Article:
The U.S. Army has resumed destroying obsolete chemical weapons at the Pueblo Chemical Agent-Destruction Pilot Program plant after a nine-month shutdown for repairs.
In June officials said the highly automated $4.5 billion plant began a gradual restart of its operations. At the time it was reported that a return to full operation would take approximately 60 days.
The plant, which began operations in 2016, is located on the same 23,000-acre facility as the Pueblo Chemical Depot. It is there that operations to destroy 780,000 shells containing over 2,500 tons of liquid mustard agent began and are now continuing.
The depot, which is a base for the U.S. Army began as a storage facility in 1942 for materials and ammunition.
A Presidential Budget Request expedited the Pueblo Chemical Agent-Destruction Pilot Program (PCAPP) in 2010. A testing period led to what were planned to be full scale destruction operations during 2014. The original timeframe for the project had a deadline of April 2012 - set by the Chemical Weapons Convention, but it is estimated now that the process of destroying chemical weapons along with cleanup operations and full closure may not come until 2020.
The process of destroying chemical weapons includes neutralization of all facilities with a hot caustic solution followed by a bacterial bio-treatment aimed to destroy any remaining traces of mustard or blister agent.
Since those operations began, according to sources, several problems have sprung up including a leak in a storage tank and vibrations that threatened to damage pumps. Several operations stopped last September of 2017 with the plant having destroyed more than 43,000 shells before the shutdown.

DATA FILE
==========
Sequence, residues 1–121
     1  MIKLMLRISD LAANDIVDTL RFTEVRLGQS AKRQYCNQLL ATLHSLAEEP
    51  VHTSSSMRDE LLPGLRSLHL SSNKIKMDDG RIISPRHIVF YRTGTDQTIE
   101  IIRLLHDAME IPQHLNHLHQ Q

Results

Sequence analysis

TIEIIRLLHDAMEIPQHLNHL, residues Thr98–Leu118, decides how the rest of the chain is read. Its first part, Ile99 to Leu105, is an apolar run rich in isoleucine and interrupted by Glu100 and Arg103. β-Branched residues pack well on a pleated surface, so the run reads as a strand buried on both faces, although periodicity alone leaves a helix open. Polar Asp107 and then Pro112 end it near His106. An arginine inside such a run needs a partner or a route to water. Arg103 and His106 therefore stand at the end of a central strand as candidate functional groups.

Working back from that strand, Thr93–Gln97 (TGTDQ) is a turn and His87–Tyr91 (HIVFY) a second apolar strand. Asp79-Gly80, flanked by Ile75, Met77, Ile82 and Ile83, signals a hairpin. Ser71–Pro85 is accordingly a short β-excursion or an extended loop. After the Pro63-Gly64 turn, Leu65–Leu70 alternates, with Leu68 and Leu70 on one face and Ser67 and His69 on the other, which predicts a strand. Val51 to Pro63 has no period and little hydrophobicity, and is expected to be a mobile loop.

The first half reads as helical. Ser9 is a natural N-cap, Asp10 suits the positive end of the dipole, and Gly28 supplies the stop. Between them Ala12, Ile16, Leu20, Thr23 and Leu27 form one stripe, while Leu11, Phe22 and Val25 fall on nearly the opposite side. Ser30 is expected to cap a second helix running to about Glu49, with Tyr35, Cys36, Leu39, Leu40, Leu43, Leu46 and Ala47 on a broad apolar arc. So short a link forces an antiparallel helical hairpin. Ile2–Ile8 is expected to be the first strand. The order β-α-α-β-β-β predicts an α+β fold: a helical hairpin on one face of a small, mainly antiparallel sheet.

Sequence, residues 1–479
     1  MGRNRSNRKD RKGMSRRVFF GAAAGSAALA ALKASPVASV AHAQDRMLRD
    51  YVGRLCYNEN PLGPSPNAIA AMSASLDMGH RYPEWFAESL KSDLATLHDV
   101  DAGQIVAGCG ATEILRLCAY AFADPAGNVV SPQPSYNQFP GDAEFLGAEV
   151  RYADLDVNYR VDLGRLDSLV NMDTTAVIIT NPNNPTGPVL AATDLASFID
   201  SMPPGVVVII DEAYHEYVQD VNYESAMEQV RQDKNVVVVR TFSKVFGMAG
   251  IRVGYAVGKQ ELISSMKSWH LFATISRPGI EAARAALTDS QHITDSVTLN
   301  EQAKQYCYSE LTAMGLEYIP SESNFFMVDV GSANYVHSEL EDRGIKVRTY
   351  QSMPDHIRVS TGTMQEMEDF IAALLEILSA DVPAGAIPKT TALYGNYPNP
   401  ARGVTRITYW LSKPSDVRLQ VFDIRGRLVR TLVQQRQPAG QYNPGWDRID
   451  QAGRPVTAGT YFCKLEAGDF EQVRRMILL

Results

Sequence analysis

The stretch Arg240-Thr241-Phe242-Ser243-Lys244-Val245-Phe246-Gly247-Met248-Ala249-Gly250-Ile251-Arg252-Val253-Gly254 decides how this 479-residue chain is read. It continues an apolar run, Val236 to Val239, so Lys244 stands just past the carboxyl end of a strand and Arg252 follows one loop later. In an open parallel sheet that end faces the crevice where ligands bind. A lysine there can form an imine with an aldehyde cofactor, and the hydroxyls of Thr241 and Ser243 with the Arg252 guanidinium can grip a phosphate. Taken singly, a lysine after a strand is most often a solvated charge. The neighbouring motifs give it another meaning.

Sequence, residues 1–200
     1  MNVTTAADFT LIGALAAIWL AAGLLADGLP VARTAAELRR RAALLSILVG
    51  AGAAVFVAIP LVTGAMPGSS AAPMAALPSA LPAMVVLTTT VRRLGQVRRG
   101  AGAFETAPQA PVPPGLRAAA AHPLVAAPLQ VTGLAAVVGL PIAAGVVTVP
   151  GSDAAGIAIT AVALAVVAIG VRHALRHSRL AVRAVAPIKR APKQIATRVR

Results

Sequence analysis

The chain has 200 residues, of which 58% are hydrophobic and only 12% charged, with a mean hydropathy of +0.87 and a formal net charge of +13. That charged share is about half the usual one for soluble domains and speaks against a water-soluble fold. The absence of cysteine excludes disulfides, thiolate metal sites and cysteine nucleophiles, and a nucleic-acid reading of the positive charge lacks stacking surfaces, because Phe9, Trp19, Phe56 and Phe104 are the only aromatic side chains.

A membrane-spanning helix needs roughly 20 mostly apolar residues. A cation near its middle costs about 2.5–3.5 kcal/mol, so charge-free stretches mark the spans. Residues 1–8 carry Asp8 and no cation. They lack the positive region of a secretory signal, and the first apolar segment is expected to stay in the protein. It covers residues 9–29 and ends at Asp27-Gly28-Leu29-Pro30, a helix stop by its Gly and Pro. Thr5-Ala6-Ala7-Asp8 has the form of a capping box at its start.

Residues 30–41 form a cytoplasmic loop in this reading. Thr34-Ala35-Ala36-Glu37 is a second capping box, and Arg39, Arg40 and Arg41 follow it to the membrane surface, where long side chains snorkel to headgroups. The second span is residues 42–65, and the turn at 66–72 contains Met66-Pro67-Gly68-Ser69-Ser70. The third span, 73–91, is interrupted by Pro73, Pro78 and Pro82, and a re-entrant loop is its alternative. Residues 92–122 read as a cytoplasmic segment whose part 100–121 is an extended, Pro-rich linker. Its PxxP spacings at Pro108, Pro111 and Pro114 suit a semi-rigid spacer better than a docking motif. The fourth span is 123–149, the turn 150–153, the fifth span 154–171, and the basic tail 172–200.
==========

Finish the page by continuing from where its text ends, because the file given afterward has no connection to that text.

The Pueblo Chemical Depot is located in Pueblo County Colorado approximately 14 miles east of the city of Pueblo. The 23,000 acre facility - which covers 36 square miles - is found in an arid section of southern Colorado. The area around the Pueblo Chemical Depot is one of the driest in Colorado as it receives an average of only 14 inches of precipitation annually and regularly experiences triple digit temperatures in the summer months.
Though established as a storage facility, the mission of the Pueblo Chemical Depot has changed over the decades. Cold War era policies turned it into a major maintenance and repair facility for Army Pershing Missile Systems. The facility continued operating under that mission at full capacity well into the Vietnam era.
It wasn’t until the U.S. and USSR signed the Intermediate-Range Nuclear Forces Treaty (better known as the INF Treaty) in 1987 that the depot began to dismantle and destroy munitions starting with the 169 Pershing IA missiles and 111 Pershing II missiles that were in storage at the facility. It was at the Pueblo Depot Activity Facility and at the Longhorn Army Ammunition Plant in Texas that those were destroyed.
As the Cold War began to subside and calls to denuclearize grew louder, the Department Of Defense recommended the Pueblo Depot Activity Facility be realigned to meet the growing need for chemical weapons storage and destruction. In 1990 the Pueblo Depot Activity Facility was renamed the Pueblo Chemical Depot and its primary mission was changed to the storage of United States chemical and biological weapons.
As a storage facility, the Pueblo Chemical Weapons Depot is one of nine facilities tasked with the mission of storing the United States’ chemical weapons arsenal. Its stockpile of 2,611 tons of mustard chemical agents in 780,000 individual munitions - prior to 2016 when the destruction of those munitions began to take place - accounted for about 7 percent of the United States chemical weapons arsenal.